Rename Lee High School to Sadie Roberts Joseph High School

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Rev. Alexis Anderson is petitioning to rename Lee High School to Sadie Roberts Joseph High School in Baton Rouge, Louisiana. I am launching a campaign to rename this state of the art educational facility that unfortunately continues to host the name of a slave owning general and continues  the idolization of the confederacy. For far too long, we have honored and glorified racist individuals who fought to continue the practice of slavery and the oppression of black people. Robert E. Lee was the commander of the confederate army during the Civil War. The veil has been pulled off of the mythology surrounding Robert E. Lee. He was a cruel slave owner known for breaking up families. 

Sadie Roberts-Joseph (1944 – July 12, 2019) was an American community activist and founder of the Baton Rouge Odell S. Williams Now & Then Museum of African-American History in 2001.  When officials in Baton Rouge, Louisiana, refused to make black history part of the mandatory school curriculum, Sadie Roberts-Joseph created a museum dedicated to African-American heritage.  Today, the Baton Rouge, Odell S. Williams Now & Then Museum of African-American History occupies a four-room building under Interstate 10. It was named for educator Odell S. Williams, whose paintings of black inventors adorn the museum's walls. A bus outside tells the story of the Baton Rouge bus boycott during the Civil Rights era. A room inside has pictures of Barack Obama's inaugurations.  The museum was Roberts-Joseph's "love letter" to Baton Rouge, a way for her to share black history with young people,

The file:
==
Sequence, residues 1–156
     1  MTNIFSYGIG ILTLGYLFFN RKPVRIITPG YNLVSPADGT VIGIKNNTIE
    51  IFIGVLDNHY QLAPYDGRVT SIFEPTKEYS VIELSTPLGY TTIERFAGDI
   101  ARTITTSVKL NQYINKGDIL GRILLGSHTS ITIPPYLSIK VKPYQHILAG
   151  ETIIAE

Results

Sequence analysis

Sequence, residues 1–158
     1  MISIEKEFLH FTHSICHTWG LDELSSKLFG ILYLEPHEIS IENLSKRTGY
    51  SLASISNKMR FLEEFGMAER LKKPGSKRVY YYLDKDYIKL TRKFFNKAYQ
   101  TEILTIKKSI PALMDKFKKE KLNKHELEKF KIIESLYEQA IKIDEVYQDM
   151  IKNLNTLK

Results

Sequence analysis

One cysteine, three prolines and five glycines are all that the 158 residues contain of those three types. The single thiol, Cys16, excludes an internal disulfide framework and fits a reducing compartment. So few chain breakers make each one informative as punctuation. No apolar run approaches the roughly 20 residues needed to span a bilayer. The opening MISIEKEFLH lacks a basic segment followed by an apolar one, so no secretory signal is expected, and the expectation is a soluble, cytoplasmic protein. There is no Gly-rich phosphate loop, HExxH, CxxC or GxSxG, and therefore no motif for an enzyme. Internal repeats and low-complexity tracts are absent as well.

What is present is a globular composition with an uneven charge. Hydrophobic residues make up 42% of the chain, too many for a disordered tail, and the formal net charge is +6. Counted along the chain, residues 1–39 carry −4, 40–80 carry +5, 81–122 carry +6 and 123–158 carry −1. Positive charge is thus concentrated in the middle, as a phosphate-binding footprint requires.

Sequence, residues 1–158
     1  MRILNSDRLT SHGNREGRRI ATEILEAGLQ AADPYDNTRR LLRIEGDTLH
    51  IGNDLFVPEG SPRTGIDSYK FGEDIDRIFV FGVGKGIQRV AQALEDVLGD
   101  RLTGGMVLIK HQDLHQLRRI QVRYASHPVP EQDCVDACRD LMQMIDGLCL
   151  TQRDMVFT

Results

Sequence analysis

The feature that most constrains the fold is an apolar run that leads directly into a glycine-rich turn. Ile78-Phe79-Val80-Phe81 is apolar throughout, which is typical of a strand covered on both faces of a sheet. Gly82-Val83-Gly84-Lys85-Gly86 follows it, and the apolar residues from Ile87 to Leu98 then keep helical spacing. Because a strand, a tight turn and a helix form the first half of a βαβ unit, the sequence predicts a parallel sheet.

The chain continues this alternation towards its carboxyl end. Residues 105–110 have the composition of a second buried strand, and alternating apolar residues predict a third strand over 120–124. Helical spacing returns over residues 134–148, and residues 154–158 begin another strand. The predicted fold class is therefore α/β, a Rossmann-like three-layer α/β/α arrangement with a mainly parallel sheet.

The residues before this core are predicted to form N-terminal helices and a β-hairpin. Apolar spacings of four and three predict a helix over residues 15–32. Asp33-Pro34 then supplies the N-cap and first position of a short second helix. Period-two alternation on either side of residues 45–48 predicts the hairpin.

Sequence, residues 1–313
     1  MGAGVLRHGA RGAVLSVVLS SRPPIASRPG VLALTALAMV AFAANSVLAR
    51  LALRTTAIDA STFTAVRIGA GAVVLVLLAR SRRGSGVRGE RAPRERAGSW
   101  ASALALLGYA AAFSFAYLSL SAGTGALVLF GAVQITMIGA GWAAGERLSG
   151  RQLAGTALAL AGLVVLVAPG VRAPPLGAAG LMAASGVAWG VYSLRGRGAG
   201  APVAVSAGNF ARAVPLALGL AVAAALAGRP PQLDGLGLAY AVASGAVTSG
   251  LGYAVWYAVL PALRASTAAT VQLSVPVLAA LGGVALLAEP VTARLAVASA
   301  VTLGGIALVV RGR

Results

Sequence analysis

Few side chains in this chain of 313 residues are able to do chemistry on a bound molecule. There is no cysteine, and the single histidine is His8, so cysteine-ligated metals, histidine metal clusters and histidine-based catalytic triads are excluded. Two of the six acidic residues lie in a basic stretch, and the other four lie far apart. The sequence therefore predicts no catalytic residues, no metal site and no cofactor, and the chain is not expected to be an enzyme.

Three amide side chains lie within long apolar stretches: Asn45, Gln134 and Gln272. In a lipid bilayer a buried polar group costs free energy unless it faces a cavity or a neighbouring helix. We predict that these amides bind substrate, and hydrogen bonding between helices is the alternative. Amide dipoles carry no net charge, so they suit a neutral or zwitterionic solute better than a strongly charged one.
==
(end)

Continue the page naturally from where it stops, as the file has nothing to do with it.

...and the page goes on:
She was also the founder of a non-profit organization, Community Against Drugs and Violence (CADAV).   She organized the annual "Juneteenth Celebration" which commemorates the emancipation of slaves in the Southern United States.   She helped organize an annual Veterans Day celebration at the Port Hudson National Cemetery to honor veterans of all races who fought in the Civil War. 

The state of public education was a driving force for Robert-Joseph to launch the museum.  Wearing elegant African garb and an infectious smile, she brought a "quiet power" to causes she advocated for, including black history education.
After retiring, Roberts-Joseph opened the museum in 2001 in the former sanctuary of the church where her brother was pastor.  She ran it on her own for years with the help of grants and volunteers. The church pays for the utilities.  "It took an act of God for her to go on with the museum like she did," Armstrong said.

Unfortunately Sadie Roberts Joseph life was ended in homicide on July 12, 2019.  

In a town deeply divided by segregation, Sadie was known as a joyous educator and community advocate that met everyone where they lived.  The museum was a place of empowerment and encouragement that welcomed individuals as diverse as governors and political leaders to those who had lost everything in hurricane Katrina.  Her commitment to making sure that everyone recognized the importance of African American history as East Baton Rouge and American history.  Renaming a school that can help with healing seems a fitting tribute to a woman who had a vision of unity for her beloved city.

It's time for a change East Baton Rouge Parish!